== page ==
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What is the history behind a decision to discontinue helicopter autorotations all the way to ground contact? In the 1960s, our Army flight program directed full ground contact for any and all autorotations. I will never accept that 'simulations' are a substitute for actual practice. We were taught every possible aspect of autorotating a helicopter possible, including a vertical autorotation.

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  • $\begingroup$ It may be a good Idea to add a location tag. from what I know of [Canadian cpl-h] this is only an American thing. every pilot from every other country I have talked to did full downs. $\endgroup$ – wanna-beCanadianPilot Dec 12 '18 at 6:03
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Too many broken off tail booms. The Army can afford to replace damaged machines; flight schools that can barely afford hull insurance on recip helicopters in the first place, if at all, not so much. (Funny story: I once asked an aviation insurance broker why the hull premiums on recips were so high, like over 5% of hull value back in the 80s (before Robinson's program). He said, "Cuz they all crash!!!!" and laughed. He said mainly it was because they are used for the most high risk activities: ab-initio training and Ag.)

Anyway, the FAA decided some years ago to remove the full auto from all but the instructor rating because, in a nut shell, it was calculated that the number of chopped off tail booms from training accidents attributable to full autos is way more than the number of chopped off tail booms from real full autos, where the hard landing could be blamed on removing the training requirement. Effectively, choosing one risk profile over another because the statistics favored it.

Not too different from ending the old practice of live engine cuts during multi engine training. Except for a simulator, a multi pilot never experiences a real engine cut on takeoff until it really happens. Back when live cuts were done, there were way more failure-to-maintain-control crashes in training than crashes from real engine failures.

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  • $\begingroup$ The FAA decided also to remove the touchdown auto from the CFI Helicopter check ride in 2016 at the discretion of the examiner/inspector. In lieu of the touchdown auto an endorsement from an appropriate CFI attesting to training and proficiency may be accepted by the examiner/inspector. I believe the rational was too many accidents during check rides because of proficiency of the examiner/inspector. This endorsement is similar to the spin endorsement that may be accepted for the CFI check. $\endgroup$ – 757toga Nov 3 '18 at 0:49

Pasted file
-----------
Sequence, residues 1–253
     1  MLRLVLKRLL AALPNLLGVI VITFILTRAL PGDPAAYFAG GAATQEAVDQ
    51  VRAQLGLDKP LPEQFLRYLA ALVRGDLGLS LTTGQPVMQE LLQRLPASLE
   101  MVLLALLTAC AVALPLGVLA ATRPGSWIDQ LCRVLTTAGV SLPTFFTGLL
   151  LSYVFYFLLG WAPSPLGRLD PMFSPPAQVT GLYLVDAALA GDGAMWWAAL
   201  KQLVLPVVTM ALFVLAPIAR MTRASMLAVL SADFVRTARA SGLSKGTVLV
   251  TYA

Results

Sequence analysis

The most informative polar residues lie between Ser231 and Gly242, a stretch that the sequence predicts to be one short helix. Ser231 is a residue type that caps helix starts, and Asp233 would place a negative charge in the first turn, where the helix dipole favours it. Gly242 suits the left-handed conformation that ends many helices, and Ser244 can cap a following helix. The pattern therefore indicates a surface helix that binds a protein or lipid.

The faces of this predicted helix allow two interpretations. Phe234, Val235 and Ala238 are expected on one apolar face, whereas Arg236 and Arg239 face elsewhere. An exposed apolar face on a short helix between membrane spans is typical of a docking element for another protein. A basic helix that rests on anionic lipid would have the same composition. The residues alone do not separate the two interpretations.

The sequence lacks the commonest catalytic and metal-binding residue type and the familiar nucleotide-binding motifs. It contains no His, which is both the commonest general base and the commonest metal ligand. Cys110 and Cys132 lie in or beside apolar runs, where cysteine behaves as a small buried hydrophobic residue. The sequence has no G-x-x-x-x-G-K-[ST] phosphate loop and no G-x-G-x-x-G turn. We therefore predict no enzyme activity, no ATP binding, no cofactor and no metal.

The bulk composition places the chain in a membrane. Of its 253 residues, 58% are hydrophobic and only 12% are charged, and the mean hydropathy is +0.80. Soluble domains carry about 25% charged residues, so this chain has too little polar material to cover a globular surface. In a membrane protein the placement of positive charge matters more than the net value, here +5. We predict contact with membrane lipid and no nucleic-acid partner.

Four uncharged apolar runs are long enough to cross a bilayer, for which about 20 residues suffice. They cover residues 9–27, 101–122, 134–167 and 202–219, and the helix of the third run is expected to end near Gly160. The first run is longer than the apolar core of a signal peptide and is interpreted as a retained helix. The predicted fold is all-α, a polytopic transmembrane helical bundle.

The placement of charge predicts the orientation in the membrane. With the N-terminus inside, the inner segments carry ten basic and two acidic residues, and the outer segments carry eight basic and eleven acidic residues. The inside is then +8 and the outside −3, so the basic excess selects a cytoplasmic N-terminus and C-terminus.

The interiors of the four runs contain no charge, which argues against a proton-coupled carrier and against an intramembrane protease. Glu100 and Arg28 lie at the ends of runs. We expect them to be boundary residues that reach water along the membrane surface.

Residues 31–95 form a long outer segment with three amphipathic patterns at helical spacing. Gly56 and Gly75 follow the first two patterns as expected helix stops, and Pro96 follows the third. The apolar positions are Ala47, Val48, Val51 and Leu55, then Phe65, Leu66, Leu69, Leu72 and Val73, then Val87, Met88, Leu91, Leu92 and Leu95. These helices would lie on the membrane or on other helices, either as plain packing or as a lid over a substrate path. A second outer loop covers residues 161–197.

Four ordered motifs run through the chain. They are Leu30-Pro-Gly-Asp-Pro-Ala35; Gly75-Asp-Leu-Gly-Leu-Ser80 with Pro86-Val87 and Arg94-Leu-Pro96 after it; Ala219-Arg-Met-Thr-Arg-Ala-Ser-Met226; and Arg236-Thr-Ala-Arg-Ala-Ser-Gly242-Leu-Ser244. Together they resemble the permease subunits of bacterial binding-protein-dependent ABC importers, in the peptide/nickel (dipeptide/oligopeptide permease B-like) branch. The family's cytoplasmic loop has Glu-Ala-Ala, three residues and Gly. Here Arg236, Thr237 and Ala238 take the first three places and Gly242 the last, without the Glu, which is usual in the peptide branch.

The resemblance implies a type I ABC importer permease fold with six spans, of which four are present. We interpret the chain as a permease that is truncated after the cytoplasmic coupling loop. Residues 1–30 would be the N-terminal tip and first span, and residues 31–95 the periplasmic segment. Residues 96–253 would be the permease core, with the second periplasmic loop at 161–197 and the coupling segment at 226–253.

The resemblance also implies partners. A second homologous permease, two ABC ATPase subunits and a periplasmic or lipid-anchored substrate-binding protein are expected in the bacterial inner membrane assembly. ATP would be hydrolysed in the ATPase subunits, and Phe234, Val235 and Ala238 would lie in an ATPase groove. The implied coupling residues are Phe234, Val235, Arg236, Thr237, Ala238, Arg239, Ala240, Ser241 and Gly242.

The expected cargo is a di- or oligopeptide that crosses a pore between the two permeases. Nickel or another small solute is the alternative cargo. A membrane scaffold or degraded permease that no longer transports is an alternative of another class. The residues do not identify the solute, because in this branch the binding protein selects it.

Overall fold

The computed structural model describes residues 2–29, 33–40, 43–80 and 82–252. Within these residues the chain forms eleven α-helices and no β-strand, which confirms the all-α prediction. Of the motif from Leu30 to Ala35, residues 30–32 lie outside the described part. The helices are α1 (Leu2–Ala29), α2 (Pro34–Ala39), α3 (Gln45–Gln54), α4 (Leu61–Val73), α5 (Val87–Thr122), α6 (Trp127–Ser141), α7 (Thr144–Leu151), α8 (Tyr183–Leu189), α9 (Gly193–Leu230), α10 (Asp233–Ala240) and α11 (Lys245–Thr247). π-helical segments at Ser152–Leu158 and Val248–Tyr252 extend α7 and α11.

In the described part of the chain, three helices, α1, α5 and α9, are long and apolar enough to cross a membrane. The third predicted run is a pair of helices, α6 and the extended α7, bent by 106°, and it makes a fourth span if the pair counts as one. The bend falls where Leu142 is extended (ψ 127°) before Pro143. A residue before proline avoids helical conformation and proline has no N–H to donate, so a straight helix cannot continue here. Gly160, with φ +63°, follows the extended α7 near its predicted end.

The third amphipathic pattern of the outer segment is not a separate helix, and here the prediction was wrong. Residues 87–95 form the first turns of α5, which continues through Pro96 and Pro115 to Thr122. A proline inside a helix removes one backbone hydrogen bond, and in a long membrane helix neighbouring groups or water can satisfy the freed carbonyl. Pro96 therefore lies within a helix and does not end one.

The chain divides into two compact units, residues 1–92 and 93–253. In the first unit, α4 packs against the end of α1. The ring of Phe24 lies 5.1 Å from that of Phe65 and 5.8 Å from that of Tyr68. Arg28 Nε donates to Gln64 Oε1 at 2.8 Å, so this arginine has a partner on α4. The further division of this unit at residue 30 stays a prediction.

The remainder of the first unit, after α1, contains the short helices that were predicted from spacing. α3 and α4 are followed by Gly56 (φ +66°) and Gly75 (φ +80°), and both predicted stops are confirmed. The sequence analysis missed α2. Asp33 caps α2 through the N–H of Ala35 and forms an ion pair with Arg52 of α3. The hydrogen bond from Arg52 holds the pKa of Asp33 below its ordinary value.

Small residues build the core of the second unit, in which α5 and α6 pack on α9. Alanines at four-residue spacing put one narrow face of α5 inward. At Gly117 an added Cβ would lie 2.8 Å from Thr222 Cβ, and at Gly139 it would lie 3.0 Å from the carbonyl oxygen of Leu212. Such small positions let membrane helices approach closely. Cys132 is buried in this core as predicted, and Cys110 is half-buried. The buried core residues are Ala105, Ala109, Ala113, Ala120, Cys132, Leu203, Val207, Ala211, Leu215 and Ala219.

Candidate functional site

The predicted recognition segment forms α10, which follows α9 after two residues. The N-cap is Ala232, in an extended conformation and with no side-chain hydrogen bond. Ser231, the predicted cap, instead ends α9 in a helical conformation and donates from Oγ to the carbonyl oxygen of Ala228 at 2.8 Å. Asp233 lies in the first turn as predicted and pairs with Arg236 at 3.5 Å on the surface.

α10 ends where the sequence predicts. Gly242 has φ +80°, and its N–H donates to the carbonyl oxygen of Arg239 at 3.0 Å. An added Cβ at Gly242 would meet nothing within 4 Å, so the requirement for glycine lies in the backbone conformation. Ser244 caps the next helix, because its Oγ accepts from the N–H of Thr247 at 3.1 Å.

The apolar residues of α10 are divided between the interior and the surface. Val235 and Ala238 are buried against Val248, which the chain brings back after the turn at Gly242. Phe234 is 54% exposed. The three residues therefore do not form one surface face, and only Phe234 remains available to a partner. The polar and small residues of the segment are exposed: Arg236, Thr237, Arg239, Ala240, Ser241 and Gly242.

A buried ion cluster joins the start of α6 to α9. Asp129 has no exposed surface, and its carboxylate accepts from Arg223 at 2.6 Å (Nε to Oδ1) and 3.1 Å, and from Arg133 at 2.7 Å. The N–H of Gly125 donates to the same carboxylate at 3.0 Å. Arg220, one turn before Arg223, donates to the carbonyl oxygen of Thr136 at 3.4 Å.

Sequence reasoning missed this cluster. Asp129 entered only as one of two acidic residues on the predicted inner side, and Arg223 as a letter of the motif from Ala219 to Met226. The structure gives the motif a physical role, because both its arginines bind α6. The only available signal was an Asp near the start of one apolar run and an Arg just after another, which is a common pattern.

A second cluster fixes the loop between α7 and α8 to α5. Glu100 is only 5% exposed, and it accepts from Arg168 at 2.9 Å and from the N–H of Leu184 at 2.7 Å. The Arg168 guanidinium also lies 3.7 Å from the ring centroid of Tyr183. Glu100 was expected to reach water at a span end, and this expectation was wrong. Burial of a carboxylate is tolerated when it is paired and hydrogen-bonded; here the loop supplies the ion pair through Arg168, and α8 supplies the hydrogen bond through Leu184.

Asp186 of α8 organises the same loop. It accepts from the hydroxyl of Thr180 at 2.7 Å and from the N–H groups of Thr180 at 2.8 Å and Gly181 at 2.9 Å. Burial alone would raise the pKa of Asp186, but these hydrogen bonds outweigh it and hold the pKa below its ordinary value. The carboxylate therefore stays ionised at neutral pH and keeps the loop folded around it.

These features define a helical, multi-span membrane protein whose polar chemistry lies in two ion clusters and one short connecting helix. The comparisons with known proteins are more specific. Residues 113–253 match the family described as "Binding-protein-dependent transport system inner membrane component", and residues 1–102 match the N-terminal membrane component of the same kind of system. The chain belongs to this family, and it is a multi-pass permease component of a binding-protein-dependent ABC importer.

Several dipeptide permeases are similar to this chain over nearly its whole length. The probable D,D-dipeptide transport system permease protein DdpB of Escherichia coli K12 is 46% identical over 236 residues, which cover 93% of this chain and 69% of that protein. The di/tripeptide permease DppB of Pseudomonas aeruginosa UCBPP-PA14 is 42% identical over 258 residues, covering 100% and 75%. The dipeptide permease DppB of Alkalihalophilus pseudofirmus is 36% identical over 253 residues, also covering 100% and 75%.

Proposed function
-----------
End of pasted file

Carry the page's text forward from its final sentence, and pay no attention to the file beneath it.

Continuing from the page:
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    $\begingroup$ I'm a fixed wing only guy but had a ride in an R66 last year, where I got to fly it around and hover it (after a fashion) and the instructor in command demonstrated a full auto for me. It made me think of landing an airplane on a runway that was only a few feet longer than the airplane's minimum landing distance. Very little room for error.. in an R22, even less. $\endgroup$ – John K Nov 3 '18 at 1:01
  • $\begingroup$ Can you point to where "live engine cuts" during multi-engine training is now prohibited (except in the sim). Just curious. I'm not aware of this particular restriction...is it new? Of course in a light twin (training/checking) you would never fail an engine on the runway, but wait until some point after liftoff. In jets (B737/757 from my experience) we would do engine failures after Vr (retard the thrust lever to idle) in the actual airplane and while on the runway in the sim. $\endgroup$ – 757toga Nov 3 '18 at 1:02
  • $\begingroup$ I think my phrase was misleading. By "live engine cut" I meant inducing an actual failure with the mixture as opposed to zero-thrusting a still running engine. In Canada at least, up until the 70s it was a practice to pull mixtures on climb-out and actually feather the engine. A Piper Apache crashed at my airport outside Toronto in the mid 70s when that activity didn't go so well. $\endgroup$ – John K Nov 3 '18 at 1:14
  • $\begingroup$ thanks, so is there some policy guidance or similar in the U.S. that prohibits pulling the mixture on climb out and feathering the engine in a light twin (part 23) during training or checking? Here is what the ACS (successor of the PTS) states about the Multi-engine Comm. certification test. Set the engine controls, identify and verify the inoperative engine, and feather the appropriate propeller. It's in this FAA ACS page 57 link -Comm. ACS. Thanks $\endgroup$ – 757toga Nov 3 '18 at 1:34

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